The Deseret News has this report. Below are excerpts.

The first thing you notice about the red Jeep Wagoneer is how it is overloaded with virtually every item an outdoor enthusiast could possibly use.

The as-yet-unnamed road trip party vehicle — carrying bicycles, water skis, golf clubs, a canoe, coolers, tents, sleeping bags and a bunch of other stuff — remains one of the centerpieces in the Utah Office of Tourism's spring and summer marketing campaign.

The $2.4 million national advertising campaign officially launched Tuesday at the Capitol.

"Last year, our non-winter campaign … generated over 800,000 visitors into our state and resulted in $56 million of additional tax revenue," Gov. Gary Herbert told the audience in the Capitol rotunda Tuesday. "So, for every dollar we've invested, we get about $18 in return."

"Our messaging is resonating," she (Leigh von der Esch, managing director of the Utah Office of Tourism) said. "Everything you want to do is so close by. You can get to the national parks so quickly. You can do five in a week. Our state parks have fabulous value and (there are also) the rodeos and the community events."

Tuesday, April 13, 2010

Utah's National Park Fees Being Waived

Entrance fees will be waived at Utah's five national parks from April 17 through the 25th, as part of National Parks Week. Fees will also be waived at other US national parks. Details.

Visitors who plan to remain in the park beyond April 25 will still have to pay the fee for the remainder of their stay. The fee waiver applies only to entrance fees and does not affect fees for camping, tunnel escorts or backcountry permit fees.

People visiting the parks need to be aware of these two news items:

1 - Zion National Park road construction will cause delays on Hwy 9 below the tunnel. More details.

2 - Bryce Canyon Navajo Loop Trail section is closed because of a rock slide. More details.

Monday, April 12, 2010

Utah State Parks Program Helps Families Play Outdoors

Utah's state parks have a program underway to help families and kids learn to enjoy outdoor recreation. Events are held on Saturdays, beginning April 17 with a photography filed trip at Antelope Island. Many topics will be considered over the summer, with activities at various parks around the state.

State Parks provided the info below. Here's more info about the program.

Rockin' Utah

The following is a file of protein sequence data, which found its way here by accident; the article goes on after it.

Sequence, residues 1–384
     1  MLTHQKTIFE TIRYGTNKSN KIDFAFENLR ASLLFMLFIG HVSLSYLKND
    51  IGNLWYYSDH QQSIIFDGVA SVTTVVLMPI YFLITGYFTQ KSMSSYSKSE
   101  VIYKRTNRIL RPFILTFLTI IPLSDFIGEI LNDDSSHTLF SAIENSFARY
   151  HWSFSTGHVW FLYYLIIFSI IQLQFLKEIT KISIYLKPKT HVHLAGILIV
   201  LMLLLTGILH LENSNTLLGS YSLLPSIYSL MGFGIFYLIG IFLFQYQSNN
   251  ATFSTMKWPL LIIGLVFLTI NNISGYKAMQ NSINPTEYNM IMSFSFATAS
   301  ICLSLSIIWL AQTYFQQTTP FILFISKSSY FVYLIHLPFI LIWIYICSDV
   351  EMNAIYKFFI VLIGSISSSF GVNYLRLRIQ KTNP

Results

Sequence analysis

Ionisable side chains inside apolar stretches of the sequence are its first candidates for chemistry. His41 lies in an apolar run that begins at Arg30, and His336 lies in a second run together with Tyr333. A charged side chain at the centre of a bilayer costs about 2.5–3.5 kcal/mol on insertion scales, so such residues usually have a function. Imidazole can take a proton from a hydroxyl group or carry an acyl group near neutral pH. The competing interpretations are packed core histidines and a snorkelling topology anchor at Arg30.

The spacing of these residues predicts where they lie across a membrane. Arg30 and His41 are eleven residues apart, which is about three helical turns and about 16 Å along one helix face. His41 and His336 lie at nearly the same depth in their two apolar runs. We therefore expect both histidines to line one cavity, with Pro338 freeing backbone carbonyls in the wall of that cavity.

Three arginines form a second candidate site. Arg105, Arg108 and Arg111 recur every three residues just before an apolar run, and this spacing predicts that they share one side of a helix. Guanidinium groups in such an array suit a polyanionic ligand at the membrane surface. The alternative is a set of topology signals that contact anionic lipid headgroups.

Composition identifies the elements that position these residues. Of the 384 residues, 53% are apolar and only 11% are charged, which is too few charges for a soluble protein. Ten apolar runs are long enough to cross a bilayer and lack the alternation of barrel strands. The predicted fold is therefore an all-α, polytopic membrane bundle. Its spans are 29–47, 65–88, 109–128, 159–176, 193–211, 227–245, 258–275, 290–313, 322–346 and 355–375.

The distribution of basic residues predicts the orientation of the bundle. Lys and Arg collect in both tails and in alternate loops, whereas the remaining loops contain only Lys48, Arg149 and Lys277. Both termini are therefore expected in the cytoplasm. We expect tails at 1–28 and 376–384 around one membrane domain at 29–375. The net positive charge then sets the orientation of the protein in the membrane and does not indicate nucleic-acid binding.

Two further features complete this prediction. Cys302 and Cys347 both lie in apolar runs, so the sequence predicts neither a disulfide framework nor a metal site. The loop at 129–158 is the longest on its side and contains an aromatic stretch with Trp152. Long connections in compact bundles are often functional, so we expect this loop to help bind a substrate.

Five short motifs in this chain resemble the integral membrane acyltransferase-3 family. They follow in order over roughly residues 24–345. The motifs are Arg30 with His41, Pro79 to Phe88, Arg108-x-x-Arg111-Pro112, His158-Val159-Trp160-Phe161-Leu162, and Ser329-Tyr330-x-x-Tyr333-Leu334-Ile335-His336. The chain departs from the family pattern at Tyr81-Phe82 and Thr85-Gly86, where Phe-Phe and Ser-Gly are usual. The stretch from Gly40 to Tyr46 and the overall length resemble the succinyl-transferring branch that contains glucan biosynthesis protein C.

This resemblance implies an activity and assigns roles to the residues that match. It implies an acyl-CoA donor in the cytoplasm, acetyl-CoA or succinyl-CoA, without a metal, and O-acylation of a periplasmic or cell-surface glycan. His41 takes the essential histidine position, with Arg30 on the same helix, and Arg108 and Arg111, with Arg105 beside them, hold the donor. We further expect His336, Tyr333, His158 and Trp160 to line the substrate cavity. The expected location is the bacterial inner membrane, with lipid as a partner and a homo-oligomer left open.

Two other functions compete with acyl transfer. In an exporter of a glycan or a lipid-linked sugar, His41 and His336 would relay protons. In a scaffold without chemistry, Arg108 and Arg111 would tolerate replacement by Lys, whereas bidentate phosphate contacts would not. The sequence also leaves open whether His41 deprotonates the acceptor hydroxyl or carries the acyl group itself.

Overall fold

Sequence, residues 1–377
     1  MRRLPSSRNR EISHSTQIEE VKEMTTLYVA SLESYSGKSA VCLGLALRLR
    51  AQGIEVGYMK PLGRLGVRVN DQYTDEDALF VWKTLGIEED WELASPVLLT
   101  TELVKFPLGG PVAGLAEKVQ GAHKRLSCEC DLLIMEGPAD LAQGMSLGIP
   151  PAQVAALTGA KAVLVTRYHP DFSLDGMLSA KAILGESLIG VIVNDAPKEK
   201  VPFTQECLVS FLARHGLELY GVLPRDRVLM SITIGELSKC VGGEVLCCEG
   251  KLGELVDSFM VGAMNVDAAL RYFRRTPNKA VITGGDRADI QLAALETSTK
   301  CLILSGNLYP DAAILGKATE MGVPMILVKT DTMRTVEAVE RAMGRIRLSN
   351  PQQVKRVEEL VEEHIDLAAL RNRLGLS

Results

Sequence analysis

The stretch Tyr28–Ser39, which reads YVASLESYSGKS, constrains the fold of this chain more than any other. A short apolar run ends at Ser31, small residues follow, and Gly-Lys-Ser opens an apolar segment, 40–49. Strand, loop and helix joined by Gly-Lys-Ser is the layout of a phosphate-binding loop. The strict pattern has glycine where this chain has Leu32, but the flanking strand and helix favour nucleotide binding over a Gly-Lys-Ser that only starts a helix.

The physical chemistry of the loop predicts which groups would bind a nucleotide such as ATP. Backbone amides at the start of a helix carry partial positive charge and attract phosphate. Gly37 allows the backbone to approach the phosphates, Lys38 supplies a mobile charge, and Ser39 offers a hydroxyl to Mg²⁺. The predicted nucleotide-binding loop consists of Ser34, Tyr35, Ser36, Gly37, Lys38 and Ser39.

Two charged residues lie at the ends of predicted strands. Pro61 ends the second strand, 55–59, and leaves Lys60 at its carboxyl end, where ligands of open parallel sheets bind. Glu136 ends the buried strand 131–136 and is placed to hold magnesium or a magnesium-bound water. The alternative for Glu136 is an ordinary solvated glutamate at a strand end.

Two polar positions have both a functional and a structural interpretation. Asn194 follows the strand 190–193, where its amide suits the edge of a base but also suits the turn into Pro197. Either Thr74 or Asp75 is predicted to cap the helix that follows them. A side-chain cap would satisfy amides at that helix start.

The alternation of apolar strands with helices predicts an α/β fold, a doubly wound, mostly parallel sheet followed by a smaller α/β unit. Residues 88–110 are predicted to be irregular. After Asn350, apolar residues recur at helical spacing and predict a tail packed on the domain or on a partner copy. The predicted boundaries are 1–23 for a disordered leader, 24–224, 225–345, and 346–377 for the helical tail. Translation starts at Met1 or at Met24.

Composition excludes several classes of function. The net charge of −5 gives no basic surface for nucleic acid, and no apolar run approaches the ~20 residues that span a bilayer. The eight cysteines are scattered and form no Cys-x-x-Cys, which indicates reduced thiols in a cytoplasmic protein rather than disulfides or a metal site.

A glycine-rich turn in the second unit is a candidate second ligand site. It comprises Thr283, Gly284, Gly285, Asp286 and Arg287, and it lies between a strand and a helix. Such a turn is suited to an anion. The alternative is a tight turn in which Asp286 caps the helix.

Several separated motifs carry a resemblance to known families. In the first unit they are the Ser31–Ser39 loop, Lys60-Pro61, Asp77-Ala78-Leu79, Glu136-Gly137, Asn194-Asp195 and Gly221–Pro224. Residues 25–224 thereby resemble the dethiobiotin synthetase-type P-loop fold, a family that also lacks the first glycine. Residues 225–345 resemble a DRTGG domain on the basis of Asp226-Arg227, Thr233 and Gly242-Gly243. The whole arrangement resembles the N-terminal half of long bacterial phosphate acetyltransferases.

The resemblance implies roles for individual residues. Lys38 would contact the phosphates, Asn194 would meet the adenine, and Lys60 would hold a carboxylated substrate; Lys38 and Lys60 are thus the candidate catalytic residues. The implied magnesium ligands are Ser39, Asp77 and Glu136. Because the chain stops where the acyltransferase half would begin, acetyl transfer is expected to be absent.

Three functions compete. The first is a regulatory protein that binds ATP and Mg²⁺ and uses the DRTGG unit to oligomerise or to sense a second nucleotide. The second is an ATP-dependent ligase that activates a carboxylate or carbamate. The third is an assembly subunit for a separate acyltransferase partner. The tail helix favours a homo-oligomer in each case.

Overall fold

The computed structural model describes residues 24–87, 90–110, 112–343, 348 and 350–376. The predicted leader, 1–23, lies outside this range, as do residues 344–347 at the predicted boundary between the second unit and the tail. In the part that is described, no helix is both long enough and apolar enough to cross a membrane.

Reaching Out Connecting Kids In Nature
... It's Family Fun Outdoors 101!

Would you and your family or friends like to play outdoors more but just aren't sure where to start? Let us show you how!

If you've ever wanted to go fishing, hiking, biking, camping, wildlife viewing, kite flying, boating, or history exploring, now is the time to start!

No experience preferred!

Here is this year's Rockin Utah schedule.

Space for these programs is limited so pre-registration is required. For more information call (801) 537-3123 or email

Thursday, April 08, 2010

Ogden Makes List of Best Places To Live

Men's Journal lists Ogden, Utah, as one of the best places to live, in this article in its April, 2010 issue. Below are excerpts.

Ogden isn't just another town blessed with world-class adventure on its doorstep. This once run-down railroad town has a government sponsored mandate to grown around adrenaline sports. “The goal of Ogden is to become the capital of high-adventure recreation,” says Mayor Mathew Godfrey.

Within five minutes of downtown is rock climbing, access to more than a hundred miles of trails, plus two whitewater kayak parks. Just a 20-minute drive up canyon, Snowbasin offers all the famed powder of Utah's Wasatch resorts without Colorado's famed lift lines.

When orthopedic surgeon and mountain-bike fanatic Dan Byck was weighing the options on where to move his practice from Washington State, Ogden topped the list. “Most desirable places have too many doctors who do what I do, but there was still a chance to get in early here,” he says.

Wednesday, April 07, 2010

Moab Search and Rescue Prepares for Busy Spring

The Daily Sentinel in Grand Junction, Colorado, has this interesting article about search and rescue in the Moab area. Below are excerpts.

Search and rescue members practice all year to respond to a variety of calls, but the spring season tends to be the busiest. Team members can all but forget about making weekend plans as calls for help are most likely to come during the evening and on the weekend — Saturdays, Fridays and Sundays, in that order.

“It’s the law of averages,” said George “Bego” Gerhart, acting commander of the county’s search operations. “When the skiing gets bad, here they come. It’s like they’re here the first day it warms up.”